A year ago Friday, county commissioners Chris Kingsley and Rose Rocco proved they couldn't stand up to developers when the stakes were highest.
That's how it looked to me, anyway.
Both Rocco and Kingsley had said they were against changing the county's comprehensive plan to allow the Hickory Hill subdivision in eastern Hernando County. They had assured opponents they were on their side.
Their justifications for flipping and voting for Hickory Hill during last year's marathon meeting seemed awfully thin.
"They really are working to get something positive there,'' Rocco said of Hickory Hill's developer, Sierra Properties.
The pressures the two of them faced were immense, including Sierra's ongoing public relations campaign and its all-star cast of former public officials willing to put their reputations behind such arguments as:
• Carving up a 2,800-acre ranch, Spring Lake's largest agricultural property, would create a "transition zone'' to protect nearby farmland.
• The fertilizer and pesticide applied to three golf courses and 1,750 yards would never contaminate the aquifer.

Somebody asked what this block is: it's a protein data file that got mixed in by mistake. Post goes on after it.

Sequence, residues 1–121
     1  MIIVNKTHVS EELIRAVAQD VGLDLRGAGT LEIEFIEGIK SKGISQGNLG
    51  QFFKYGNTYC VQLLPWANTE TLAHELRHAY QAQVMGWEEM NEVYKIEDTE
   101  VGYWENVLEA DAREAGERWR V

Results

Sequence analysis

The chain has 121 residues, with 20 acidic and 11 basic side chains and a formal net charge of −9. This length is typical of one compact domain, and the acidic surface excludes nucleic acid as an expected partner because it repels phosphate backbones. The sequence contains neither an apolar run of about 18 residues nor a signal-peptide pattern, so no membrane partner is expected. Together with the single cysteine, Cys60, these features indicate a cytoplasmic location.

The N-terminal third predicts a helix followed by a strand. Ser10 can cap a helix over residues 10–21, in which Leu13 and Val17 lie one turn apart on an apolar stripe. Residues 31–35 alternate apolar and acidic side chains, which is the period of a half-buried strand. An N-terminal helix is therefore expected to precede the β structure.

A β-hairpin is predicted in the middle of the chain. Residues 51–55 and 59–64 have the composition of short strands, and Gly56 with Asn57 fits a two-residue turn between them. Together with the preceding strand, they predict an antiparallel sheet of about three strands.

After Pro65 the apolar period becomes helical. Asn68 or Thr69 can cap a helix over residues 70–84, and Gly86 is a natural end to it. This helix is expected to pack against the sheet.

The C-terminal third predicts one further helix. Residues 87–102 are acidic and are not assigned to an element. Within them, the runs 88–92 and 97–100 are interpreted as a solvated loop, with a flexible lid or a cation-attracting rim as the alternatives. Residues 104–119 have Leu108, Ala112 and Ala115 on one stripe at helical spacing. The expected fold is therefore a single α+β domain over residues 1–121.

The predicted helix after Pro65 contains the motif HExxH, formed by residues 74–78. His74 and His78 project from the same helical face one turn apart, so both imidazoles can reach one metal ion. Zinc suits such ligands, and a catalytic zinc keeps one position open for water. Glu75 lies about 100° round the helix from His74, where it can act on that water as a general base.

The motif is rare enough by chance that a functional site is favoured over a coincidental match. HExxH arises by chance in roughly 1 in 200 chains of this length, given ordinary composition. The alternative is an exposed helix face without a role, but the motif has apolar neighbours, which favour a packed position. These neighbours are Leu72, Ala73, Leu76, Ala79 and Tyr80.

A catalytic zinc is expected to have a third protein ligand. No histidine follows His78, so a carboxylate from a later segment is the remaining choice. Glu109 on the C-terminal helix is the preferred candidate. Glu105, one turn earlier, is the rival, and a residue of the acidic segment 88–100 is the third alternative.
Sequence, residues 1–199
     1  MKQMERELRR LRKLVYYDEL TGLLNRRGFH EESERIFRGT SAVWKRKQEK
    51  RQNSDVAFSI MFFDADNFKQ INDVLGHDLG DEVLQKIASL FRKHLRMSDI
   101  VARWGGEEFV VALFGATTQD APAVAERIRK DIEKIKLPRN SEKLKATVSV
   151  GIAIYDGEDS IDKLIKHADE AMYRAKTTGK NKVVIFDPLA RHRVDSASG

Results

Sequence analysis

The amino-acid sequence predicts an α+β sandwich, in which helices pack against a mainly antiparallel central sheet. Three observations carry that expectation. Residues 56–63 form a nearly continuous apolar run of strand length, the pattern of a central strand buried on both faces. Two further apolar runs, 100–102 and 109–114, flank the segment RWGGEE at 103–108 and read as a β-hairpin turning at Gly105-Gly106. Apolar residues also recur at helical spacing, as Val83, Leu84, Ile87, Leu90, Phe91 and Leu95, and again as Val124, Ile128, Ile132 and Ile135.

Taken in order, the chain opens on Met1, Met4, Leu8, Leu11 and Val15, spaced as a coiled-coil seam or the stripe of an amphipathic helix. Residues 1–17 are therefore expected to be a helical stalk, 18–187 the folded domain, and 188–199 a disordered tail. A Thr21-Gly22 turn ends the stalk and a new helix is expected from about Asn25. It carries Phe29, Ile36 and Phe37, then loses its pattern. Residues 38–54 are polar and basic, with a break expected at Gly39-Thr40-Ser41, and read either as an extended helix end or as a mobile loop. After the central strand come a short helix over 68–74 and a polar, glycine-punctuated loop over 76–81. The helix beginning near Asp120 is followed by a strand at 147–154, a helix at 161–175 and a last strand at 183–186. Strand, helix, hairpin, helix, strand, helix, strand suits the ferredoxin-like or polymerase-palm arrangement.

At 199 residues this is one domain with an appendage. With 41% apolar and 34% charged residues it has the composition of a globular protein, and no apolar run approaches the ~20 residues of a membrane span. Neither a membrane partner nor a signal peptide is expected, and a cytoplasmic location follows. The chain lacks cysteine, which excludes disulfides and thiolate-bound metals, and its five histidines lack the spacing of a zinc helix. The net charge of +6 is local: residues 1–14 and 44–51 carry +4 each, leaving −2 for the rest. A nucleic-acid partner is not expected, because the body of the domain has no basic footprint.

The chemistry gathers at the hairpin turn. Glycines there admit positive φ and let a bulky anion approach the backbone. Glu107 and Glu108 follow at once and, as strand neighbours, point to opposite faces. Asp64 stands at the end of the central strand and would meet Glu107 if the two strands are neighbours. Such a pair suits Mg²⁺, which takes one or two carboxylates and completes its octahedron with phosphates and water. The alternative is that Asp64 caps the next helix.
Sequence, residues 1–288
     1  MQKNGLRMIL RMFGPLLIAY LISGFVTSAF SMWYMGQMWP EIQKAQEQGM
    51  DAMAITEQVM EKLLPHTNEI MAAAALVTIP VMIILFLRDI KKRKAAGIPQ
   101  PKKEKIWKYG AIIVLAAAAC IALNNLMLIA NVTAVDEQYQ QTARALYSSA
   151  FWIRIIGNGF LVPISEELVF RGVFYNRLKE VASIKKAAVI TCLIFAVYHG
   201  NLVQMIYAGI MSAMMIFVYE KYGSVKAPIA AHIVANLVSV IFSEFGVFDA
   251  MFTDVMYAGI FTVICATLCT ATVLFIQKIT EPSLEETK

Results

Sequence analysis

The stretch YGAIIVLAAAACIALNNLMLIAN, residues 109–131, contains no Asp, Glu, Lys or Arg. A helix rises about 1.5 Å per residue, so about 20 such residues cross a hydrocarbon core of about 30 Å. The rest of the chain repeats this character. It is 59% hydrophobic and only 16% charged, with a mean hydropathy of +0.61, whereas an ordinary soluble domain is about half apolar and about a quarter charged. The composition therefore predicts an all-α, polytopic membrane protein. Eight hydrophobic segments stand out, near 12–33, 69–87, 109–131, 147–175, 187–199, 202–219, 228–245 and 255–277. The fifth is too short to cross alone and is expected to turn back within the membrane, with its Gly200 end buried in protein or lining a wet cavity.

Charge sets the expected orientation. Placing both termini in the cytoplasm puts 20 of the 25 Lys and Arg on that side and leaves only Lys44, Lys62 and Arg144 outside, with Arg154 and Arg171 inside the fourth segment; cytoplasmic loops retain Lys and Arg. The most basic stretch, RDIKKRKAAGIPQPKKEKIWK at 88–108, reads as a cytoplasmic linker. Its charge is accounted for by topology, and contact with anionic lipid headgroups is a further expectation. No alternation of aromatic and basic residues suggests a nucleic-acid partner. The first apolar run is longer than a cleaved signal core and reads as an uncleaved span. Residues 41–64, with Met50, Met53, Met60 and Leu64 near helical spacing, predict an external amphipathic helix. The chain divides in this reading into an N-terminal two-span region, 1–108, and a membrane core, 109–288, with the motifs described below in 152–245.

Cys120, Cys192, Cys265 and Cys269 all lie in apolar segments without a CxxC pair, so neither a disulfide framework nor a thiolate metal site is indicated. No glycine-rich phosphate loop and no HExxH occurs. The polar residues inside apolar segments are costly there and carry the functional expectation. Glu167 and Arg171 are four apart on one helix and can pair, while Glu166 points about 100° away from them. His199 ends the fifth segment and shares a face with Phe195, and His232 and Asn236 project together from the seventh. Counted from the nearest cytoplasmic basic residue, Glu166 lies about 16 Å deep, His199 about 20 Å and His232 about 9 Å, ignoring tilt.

• Hernando County, which has enough residential land set aside for roughly 125,000 new souls, needed Hickory Hill's additional lots to accommodate growth.
I watched the commissioners (other than, thank you, Diane Rowden) swallow all this — and meanwhile ignore the added expense and environmental costs that come with sprawling development. I came away more convinced than ever that developers run the show.
Old news, right? But worth revisiting now because of a looming project that I think is even more destructive than Hickory Hill.
Florida Rock Industries wants to build a city — with offices, stores, about 6,000 residential and resort units, and three golf courses — on the site of its old mine north of Brooksville. And it wants to do it without widening the two-lane road leading to this property, U.S. 98.
Which is starting to make Florida Hometown Democracy's idea — give voters the right to change the comprehensive plan — look pretty good.
This got a boost last week when a judge in Tallahassee restored some of the petition signatures required to place the proposal on the ballot, which supporters hope will happen in 2010.
Yes, there are good arguments against Hometown, but one of the main ones doesn't move me at all.
Hometown's opponents say the proposal will take planning decisions away from experts — state and county planners, consultants and county commissioners — and into the hands of amateurs, meaning us.
Well, remember that vote on Hickory Hill. Then look around and see what else these experts have brought us.
They had their chance. I'd say they blew it.